ploopt

ploopt wrote

Ursula K. Le Guin said that she didn't deserve to call herself an anarchist. She may have meant that there were people who deserve to call themselves anarchists, but I also think this points towards the paradox inherent in the beautiful idea. Of course there are no anarchists - we all live in the "real" world. The world of compromise and defeat.

We might be, in some ways, lucky that the revolution in Spain was defeated by the fascists rather than succumbing to bureaucracy and internal power jockeying. There is no capital-A Anarchism as historical embarrassment to apologize for. We remain a constellation of tendencies that sometimes align and sometimes don't, plucky underdogs that can continually experiment and reinvent ourselves.

6

ploopt wrote

Weird - my school, also for security reasons, took the opposite approach. After Columbine happened, we were no longer allowed to carry bookbags. We had to scurry back and forth to our lockers all the time. They also put up a single camera at the main entrance. The security state slowly but inexorably establishes itself.

2

ploopt wrote

from Vice:

a short window of opportunity exists for an emergency, global mobilization of resources, in which the logistical and planning experiences of the national security sector could play a valuable role.

endorsed by a former Australian defense chief and senior royal navy commander.

The future looks fucking scary.

3

ploopt wrote

I don't know that there's anything interesting I could say about what he did, but I think it's worth looking into the specific focus of his ire, which was the emerging field of cybernetics. The Net - The Unabomber, LSD and the Internet is a great documentary that explores the historical forces that led to the creation of the Unabomber. Cybernetics is a recurring theme in Adam Curtis' work as well, and the second part of his film series All Watched Over by Machines of Loving Grace is worth checking out as well. Looking back from this point in history, I think it's safe to say that Kaczynski had some incredible foresight.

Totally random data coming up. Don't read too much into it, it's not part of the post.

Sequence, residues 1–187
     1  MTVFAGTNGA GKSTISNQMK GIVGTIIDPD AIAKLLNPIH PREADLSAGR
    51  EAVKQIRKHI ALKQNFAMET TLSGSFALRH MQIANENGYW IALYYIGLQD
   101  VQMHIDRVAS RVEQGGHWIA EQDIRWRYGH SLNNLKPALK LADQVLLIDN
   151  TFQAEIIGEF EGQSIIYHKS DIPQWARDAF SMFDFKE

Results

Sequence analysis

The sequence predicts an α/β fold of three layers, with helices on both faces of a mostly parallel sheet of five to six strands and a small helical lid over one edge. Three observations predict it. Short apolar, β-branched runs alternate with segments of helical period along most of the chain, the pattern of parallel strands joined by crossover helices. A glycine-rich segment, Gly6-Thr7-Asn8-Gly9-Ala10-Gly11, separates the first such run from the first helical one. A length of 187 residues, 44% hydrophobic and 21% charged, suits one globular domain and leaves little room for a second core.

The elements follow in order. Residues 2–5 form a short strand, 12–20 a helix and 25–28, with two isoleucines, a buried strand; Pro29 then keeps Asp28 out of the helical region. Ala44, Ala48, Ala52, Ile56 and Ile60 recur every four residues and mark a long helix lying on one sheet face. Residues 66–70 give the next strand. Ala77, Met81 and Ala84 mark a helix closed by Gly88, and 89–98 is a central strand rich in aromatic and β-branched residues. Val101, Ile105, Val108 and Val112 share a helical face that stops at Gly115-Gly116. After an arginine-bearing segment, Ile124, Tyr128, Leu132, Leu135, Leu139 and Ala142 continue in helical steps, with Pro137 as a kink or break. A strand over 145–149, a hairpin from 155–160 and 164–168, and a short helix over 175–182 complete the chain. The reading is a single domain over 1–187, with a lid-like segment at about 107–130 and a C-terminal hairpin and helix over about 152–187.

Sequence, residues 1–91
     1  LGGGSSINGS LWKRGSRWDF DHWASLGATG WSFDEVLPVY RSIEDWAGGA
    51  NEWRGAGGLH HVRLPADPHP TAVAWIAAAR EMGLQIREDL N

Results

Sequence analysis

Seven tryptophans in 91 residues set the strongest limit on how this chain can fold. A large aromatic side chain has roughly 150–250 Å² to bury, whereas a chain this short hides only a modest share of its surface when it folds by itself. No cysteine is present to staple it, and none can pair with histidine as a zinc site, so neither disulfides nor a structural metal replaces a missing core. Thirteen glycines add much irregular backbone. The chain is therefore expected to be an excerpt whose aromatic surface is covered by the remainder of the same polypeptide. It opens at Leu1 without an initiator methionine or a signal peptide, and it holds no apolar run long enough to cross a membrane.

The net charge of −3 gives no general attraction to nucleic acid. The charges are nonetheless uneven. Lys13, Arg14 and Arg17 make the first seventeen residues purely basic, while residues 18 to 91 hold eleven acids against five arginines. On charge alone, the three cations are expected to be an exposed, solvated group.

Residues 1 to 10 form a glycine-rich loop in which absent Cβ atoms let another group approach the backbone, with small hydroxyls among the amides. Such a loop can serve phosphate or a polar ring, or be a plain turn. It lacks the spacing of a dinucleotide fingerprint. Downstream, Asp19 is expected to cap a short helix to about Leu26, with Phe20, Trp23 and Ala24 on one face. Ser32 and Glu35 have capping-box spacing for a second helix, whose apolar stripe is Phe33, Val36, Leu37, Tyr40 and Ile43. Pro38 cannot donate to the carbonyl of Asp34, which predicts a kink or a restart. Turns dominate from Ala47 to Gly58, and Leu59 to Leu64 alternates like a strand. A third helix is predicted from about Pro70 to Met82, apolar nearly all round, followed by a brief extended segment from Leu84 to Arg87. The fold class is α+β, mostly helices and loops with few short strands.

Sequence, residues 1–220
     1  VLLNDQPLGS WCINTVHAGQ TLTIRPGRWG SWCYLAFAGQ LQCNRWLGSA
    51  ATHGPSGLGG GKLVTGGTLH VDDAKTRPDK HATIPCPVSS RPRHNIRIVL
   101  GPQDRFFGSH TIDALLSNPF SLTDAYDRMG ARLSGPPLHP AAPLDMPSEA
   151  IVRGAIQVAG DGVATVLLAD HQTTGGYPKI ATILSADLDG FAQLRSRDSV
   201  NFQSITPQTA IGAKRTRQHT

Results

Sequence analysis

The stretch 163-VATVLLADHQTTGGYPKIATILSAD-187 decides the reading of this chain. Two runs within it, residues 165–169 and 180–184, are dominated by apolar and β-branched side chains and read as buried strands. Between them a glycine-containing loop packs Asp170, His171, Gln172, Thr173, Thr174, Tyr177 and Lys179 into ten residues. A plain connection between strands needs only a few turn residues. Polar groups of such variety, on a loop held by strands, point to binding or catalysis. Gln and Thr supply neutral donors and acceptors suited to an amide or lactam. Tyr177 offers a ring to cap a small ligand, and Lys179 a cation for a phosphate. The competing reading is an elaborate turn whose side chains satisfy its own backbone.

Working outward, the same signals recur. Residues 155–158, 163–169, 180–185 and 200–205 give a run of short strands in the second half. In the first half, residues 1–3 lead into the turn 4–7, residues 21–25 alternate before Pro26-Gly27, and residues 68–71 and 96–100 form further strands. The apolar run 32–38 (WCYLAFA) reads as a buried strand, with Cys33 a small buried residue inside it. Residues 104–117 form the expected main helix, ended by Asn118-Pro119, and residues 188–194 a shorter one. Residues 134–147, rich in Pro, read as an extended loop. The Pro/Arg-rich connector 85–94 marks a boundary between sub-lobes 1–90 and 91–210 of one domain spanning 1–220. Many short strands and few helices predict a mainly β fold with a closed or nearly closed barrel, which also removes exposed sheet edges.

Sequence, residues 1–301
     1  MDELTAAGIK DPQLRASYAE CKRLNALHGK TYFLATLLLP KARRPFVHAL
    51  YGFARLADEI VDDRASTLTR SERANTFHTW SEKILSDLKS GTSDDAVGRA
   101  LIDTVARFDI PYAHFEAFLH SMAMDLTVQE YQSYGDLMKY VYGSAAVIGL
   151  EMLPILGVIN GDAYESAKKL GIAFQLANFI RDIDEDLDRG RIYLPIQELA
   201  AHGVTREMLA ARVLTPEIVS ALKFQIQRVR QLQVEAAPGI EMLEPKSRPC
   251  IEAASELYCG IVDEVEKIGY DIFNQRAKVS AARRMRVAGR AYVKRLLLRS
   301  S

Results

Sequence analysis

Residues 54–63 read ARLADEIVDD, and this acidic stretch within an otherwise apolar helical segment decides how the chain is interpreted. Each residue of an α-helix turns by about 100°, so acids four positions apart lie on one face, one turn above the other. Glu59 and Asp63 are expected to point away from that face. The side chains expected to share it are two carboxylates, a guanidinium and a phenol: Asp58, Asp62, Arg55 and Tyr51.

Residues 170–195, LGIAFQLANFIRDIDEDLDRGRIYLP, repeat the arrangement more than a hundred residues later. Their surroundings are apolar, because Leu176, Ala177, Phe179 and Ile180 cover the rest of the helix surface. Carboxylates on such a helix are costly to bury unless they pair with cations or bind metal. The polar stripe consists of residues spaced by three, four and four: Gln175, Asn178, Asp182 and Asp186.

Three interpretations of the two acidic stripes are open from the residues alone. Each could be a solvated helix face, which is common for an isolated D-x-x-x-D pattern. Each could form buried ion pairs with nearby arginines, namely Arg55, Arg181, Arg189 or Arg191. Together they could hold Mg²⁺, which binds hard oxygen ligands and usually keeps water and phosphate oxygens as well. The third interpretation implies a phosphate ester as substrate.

I'll try and keep the tinfoil hat off of my head, but I think it's worth mentioning that he was almost certainly a subject of the CIA's MKUltra mind control program. This is likely an important part of his story, but when we venture into these topics it's impossible to distinguish the signal from the noise.

3

ploopt wrote

Taking a broad look, this may just be what happens when all communication is subsumed into social media. Aesthetics becomes the primary locus of political association. It's the most advanced evolutionary form of the spectacle.

An ontology of tweets and memes emerges, qualitatively no different than what came before. Everything is a reboot or a remake, and so too is the paradigm of Christianity rebooted, with a new cast of saint-heroes and sinner-villians, new forms of orthodox and heresy.

1

ploopt wrote

Cop culture is fucking everywhere. Hakim Bey wrote about this in the 80s:

The media cops, like televangelical forerunners, prepare us for the advent, final coming or Rapture of the police state: the “Wars” on sex and drugs: total control totally leached of all content; a map with no coordinates in any known space; far beyond mere Spectacle; sheer ecstasy (“standing-outside-the-body”); obscene simulacrum; meaningless violent spasms elevated to the last principle of governance.

3